As the most successful coach in the entire Cal athletic program, Jack Clark certainly had nothing to prove. But he felt he might have something to contribute to his country by volunteering to help coach the U.S. Marine Corps rugby team.
So, he gave the Marines' athletic director at Marine headquarters in Quantico, Virginia a call in 2006 and volunteered his services. Turns out the Marines were looking for a rugby head coach and who better than a guy whose resume included 18 national collegiate championships (it's now 19 ), head coach of the Collegiate All-America team from 1985-92, head coach of the USA National Team from 1993-99, and general manager for the national team from 1993-2003.
All that and the man was volunteering his services. The A.D. told Clark that his orders would be in the mail. That's right, his orders. It is the military, after all.
The orders instructed him to report for duty at Camp LeJeune, North Carolina, that October and that's exactly what he and his No. 1 assistant, Tom Billups, did. It proved the start of a relationship that has been beneficial to all and has left Clark with an admiration of Marines that is nothing less than awesome.
The weather that October seemed more like a North Carolina summer than a North Carolina autumn - temperature and humidity both in the 90s. But it was October so the air conditioning in the rugby team's barracks was turned off.
"Not one of those guys ever said a word." Clark said. "They don't think that way. There's no complaining. I would never had known if I hadn't gone down to the barracks." He had to find a colonel to get the air conditioning turned on.
The armed forces rugby season lasts only three October weeks - two weeks for training and one week for the tournament - which is why Clark is able to coach the All-Marine Rugby Team. October is the off-season for college rugby.Clark and Billups have coached the Marines the past two years. They plan to do it again next October when the championships will be held at the Army's Fort Benning in Georgia.
Many of the Marines on Clark's last two teams had just returned from Iraq or Afghanistan. "They're war fighters." Clark said. "If they're deployed, or about to be deployed, they're not going to be let off to play rugby."
So, Clark gets the Marines who just returned from deployment - and many had been deployed three, four, five times, or more. One had been deployed nine times since September 11, 2001.
Marines might be in fighting shape, but that doesn't mean they're in rugby shape. They just don't have the opportunity to train like that when they're in battle. Clark gave his Marines the same fitness tests he gives his Cal team and was discouraged by the low scores. But he was amazed by their effort on the field.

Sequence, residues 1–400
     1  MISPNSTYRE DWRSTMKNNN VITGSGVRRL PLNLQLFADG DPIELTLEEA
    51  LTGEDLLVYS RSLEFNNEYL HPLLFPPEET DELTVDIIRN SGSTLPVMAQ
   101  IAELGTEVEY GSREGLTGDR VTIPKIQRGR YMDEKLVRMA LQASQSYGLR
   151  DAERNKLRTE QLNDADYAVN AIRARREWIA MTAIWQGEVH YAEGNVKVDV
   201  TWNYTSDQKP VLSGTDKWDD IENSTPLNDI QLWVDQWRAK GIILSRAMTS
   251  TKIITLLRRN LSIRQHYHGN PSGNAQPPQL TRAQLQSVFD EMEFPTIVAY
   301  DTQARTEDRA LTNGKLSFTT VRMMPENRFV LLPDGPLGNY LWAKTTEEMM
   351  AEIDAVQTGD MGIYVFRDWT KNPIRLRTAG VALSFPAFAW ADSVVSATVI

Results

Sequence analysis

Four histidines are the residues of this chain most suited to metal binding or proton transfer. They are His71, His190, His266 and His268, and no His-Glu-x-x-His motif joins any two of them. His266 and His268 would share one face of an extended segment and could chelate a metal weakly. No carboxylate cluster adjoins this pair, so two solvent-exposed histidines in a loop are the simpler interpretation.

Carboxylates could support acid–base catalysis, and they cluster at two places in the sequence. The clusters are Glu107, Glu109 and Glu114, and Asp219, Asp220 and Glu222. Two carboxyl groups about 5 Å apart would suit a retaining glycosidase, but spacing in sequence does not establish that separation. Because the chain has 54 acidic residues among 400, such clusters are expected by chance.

"Fitness scores are irrelevant because Marines don't quit." Clark said.
Even though most of his players were below the national championship level in ability, Clark decided to conduct training camp like he would for a U.S. National team or a Cal team. He thinks it was the right decision.
"I told them we would coach them like they were pro rugby players and they appreciated that." Clark said.
Clark learned that a Marine captain on the team, who had just returned from Iraq, had lost several of his men during one of his missions.
"He came up to me and said, 'Coach, I've had a really rough year and this is the best thing that's happened to me. You made this a real athletic experience.'"
Clark said he never tired of listening to the Marines' stories - and every one of them had a story to tell.
On a visit to a Wounded Warrior Facility, one Marine shared he had been seriously injured when he burst through a door and was hit by an exploding grenade, knocking him backwards. Two more grenades then exploded at the same spot as the first.
"All he said was, 'The first grenade saved my life.' Clark recalled. "Not, 'I got messed up bad,' or anything like that. But he figured the first grenade saved his life because it knocked him backward and out of range of the next two grenades. That's the way a Marine thinks."
No matter how seriously a Marine is injured, or how exhausted he might be, his main thought is, "I've got to get back with my boys." Clark heard that theme told over and over again.
"A Marine's greatest fear is that he won't be there when it all goes down." Clark said.
When Clark first took over as the Marines rugby coach in October 2006, he was presented with an American flag (above) that was flown over Camp Ripper in Iraq on the fifth anniversary of 9/11. It is one of his proudest possessions.
"It's impossible to be any more generous." Clark said. "We enjoy our freedom on their sacrifices and here they are thanking me. They appreciate that a civilian would give a damn - and I give a lot more than a damn."
Rugby practices at Cal have been a little different since Clark became the Marines' volunteer coach. The Marines taught him something about communication that he has incorporated into his coaching methods.
He noticed that a Marine would immediately question him if he didn't understand something the coach was trying to teach with a "hold" reply. And once a Marine did understand a point, he'd respond with a "Check" or a "Roger."
"When people's lives are on the line, you better make sure you understand what's being said." Clark noted. "Communication can't be just one way. You need an exchange; you have to get a response."
So, since 2006, Cal rugby players respond with a "Check," when a coach or another player communicates something.
The All-Marine Rugby Team will face a stiff challenge next October when they try to unseat Air Force as the four-time defending champion at the Armed Forces Championships. In the meantime, Clark will be trying to lead Cal to its fifth straight collegiate rugby championship and its 17th in the last 18 years.Article written by
(Daily Cal, 1960-64)
Jack Clark- Head Coach